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New lab and swabbing pod will boost UHL COVID19 testing capacity

UHL COVID19 testing – Pictured above is Dr Patrick Stapleton, Consultant Microbiologist at UHL

New lab and swabbing pod will boost UHL COVID19 testing capacity

UHL COVID19 testing capacity at University Hospital Limerick will be boosted by 70%, with two new emergency construction projects that form a significant regional component of the Government’s national pandemic strategy.

The works include a purpose-built COVID-19 laboratory (due for completion in early 2021), as well as a swabbing pod for hospital staff and pre-operative patients that opened this week.

Costing approximately €4m, the new COVID-19 lab will provide purpose-built physically separated areas for the four stages of the polymerase chain reaction (PCR) technique for DNA analysis. When fully operational, the new lab will increase by 150 tests per day UHL’s existing daily test capacity of approximately 200-220 tests.

With build-completion targeted for the end of January, and expected to become operational in Q1 of 2021, construction of the rapid-build modular laboratory commenced in mid-September, on a site to the rear of the hospital previously occupied by haemovigilance and quality portacabin offices.

That portacabin accommodation has been repurposed and relocated for the COVID-19 swabbing pod that began operating this week. The pod is located immediately after the staff traffic barriers, to the side of the Nurses Home building at UHL.

COVID-19 testing is the cornerstone of the Government’s public health approach to the pandemic, and the UHL projects are in line with national guidance specifically requiring an ongoing expansion of hospital laboratory testing.

A centrepiece of the new COVID-19 laboratory will be the Abbott ‘Alinity M’ diagnostic instrument, a fully automated sample-to-result system, weighing in excess of a ton. The Alinity M, which has been purchased by the HSE, will facilitate an increase of 150 additional tests per day at UHL.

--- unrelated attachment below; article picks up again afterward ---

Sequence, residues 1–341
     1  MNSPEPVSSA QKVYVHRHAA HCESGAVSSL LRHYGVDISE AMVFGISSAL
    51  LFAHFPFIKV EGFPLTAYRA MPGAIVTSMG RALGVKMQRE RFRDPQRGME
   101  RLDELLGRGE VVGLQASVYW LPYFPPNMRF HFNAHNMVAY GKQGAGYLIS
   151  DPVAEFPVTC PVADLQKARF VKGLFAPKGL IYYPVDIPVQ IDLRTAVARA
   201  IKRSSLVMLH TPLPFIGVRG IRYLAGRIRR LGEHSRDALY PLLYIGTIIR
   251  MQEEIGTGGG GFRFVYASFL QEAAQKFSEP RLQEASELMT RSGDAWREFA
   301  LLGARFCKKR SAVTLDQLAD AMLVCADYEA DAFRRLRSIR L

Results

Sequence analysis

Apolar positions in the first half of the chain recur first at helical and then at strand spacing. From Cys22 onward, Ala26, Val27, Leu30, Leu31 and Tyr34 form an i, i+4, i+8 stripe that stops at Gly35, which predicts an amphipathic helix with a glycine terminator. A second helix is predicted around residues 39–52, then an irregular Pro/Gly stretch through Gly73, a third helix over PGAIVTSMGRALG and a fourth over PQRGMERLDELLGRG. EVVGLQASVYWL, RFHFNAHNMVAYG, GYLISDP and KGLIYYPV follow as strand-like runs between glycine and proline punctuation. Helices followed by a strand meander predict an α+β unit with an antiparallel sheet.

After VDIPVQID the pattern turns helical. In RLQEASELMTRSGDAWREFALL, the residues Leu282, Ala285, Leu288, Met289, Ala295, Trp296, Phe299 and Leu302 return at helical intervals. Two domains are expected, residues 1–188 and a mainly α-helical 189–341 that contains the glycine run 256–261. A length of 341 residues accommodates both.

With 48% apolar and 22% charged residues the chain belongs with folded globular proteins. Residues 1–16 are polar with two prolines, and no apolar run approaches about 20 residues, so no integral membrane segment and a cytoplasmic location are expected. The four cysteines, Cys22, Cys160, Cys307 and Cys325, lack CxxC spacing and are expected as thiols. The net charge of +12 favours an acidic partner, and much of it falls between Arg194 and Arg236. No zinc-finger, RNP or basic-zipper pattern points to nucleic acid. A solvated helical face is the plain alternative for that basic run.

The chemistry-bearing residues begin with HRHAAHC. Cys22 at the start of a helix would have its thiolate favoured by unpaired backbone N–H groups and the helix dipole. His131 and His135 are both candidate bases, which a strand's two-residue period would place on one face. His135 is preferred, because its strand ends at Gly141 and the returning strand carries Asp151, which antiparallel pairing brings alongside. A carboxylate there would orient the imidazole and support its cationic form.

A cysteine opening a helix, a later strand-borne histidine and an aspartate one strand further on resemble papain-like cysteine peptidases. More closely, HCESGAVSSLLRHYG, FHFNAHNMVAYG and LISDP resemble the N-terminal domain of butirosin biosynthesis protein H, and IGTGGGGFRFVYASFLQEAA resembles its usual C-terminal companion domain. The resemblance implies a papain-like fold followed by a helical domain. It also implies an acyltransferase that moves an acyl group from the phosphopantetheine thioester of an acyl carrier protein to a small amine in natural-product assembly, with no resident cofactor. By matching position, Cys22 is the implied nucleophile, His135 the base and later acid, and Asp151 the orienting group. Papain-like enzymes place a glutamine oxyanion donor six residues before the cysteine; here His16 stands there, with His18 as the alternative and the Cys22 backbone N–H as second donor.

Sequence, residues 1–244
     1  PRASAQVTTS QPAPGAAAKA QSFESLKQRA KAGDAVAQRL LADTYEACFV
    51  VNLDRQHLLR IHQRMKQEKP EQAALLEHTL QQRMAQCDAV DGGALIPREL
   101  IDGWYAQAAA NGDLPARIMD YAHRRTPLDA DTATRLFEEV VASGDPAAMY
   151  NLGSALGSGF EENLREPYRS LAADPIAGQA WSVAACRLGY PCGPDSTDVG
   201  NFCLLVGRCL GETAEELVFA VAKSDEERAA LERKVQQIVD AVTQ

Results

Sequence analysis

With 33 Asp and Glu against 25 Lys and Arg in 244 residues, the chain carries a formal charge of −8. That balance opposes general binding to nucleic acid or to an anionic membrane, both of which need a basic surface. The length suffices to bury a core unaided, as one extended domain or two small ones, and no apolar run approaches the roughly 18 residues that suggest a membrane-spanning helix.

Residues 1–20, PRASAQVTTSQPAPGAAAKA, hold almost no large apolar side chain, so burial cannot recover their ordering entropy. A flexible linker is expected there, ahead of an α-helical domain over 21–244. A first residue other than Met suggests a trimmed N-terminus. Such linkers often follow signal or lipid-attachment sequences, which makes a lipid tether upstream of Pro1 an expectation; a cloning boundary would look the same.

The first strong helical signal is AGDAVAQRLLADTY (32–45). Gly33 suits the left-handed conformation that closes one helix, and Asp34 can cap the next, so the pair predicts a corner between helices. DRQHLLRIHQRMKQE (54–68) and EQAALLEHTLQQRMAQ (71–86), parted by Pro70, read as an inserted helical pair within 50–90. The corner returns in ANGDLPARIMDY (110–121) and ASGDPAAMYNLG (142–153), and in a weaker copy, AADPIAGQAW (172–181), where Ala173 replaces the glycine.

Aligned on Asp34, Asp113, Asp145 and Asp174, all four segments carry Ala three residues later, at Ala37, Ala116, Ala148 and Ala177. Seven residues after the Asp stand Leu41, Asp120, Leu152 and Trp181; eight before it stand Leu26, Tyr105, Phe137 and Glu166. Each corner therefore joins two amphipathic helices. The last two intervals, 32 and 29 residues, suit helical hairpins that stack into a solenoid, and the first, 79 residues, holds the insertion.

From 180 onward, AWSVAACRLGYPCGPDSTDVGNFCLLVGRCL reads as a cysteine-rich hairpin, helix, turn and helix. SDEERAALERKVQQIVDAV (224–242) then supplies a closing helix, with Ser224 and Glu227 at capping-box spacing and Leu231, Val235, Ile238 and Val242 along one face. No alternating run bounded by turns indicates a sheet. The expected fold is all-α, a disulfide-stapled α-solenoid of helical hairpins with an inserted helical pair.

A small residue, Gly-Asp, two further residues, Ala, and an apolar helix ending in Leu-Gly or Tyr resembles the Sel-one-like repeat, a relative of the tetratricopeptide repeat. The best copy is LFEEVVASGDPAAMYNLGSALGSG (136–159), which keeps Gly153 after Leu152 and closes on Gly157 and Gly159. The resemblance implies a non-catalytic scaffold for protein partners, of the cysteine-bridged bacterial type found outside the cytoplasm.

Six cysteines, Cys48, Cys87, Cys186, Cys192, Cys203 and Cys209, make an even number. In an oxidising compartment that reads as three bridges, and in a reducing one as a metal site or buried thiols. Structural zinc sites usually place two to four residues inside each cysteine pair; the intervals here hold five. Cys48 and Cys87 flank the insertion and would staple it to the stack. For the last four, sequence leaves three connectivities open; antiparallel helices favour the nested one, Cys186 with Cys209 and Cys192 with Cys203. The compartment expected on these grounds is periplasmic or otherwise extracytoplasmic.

Most of UHL’s COVID-19 testing equipment is temporarily located in the laboratory of the Clinical Education and Research Centre (CERC). When operational, the new lab will centrally house all this COVID-19 equipment, including another recently received test platform, the Luminex Aries, which will provide random access rapid test capacity.

A complement to PCR batch tests that have a fixed number of test runs per day, Luminex Aries testing can be conducted on a needs basis, performing up to 14 tests per run with results available within two hours. The instrument is currently undergoing validation tests on site in UHL.

Rapid testing provides a significant degree of flexibility for COVID testing at UHL, where the highest priority is patients admitted through the Emergency Department with suspected COVID. Earlier availability of test results facilitates swifter decisions on isolation and earlier activation of treatment options for confirmed COVID-19 patients.

Luminex is an alternative supply chain to the existing UHL rapid test system, GeneXpert, whose manufacturer had reoriented some European supplies of test kits to regions of the globe where the pandemic was relatively uncontrolled.

The Luminex test kit and instrument supply chain was established through the National Clinical Program for Pathology, and its COVID-19 lead, Beaumont Hospital-based Immunologist, Dr Mary Keoghan.

Dr Patrick Stapleton, Consultant Microbiologist at UHL, said: “The UHL laboratory operates one of the busiest hospital COVID testing services in the country. Staff in the UHL serology and microbiology laboratories, supported by all laboratory disciplines, have built from scratch a COVID testing service that has consistently delivered fast, accurate test results for people attending UL Hospitals and for people in the local community. The recent welcome developments in buildings and equipment will allow our staff to continue to meet the intense demand by automating some labour-intensive steps in COVID diagnostics, and will permit further expansion in test capacity. The move to a purpose-built laboratory will greatly enhance molecular laboratory diagnostic capacity in the Mid-West during the pandemic and beyond.”

Tina Fitzgerald, Head of Unscheduled Care at UHL, welcomed the completion of the swabbing pod, which, she said, would give the hospital greater control in ensuring the safety of patients and staff during the challenging Winter ahead.

“We already have a COVID-19 Screening Team in place, managing the ordering of swabs for pre-operative patients and staff close contacts, as well as the contact tracing and triage process. The Swabbing Pod complements this team, and allows us to manage the entire process in-house. Although COVID will present challenges to the hospital this Winter, having the capacity to manage swabbing for our pre-operative patients and staff will assist in ensuring the safety of patients and staff in the hospital,” she said.


The standard PCR (polymerase chain reaction) testing of nasal and throat swabs used in processing thousands of Irish samples daily is considered the most sensitive and precise one currently available

The four areas of the PCR process include sample preparation, the release of viral genomic material from the sample (extraction), cloning millions of copies of target viral genome fragments to facilitate their detection (amplification), and analysis of the amplified material to determine if the virus is detected or not.


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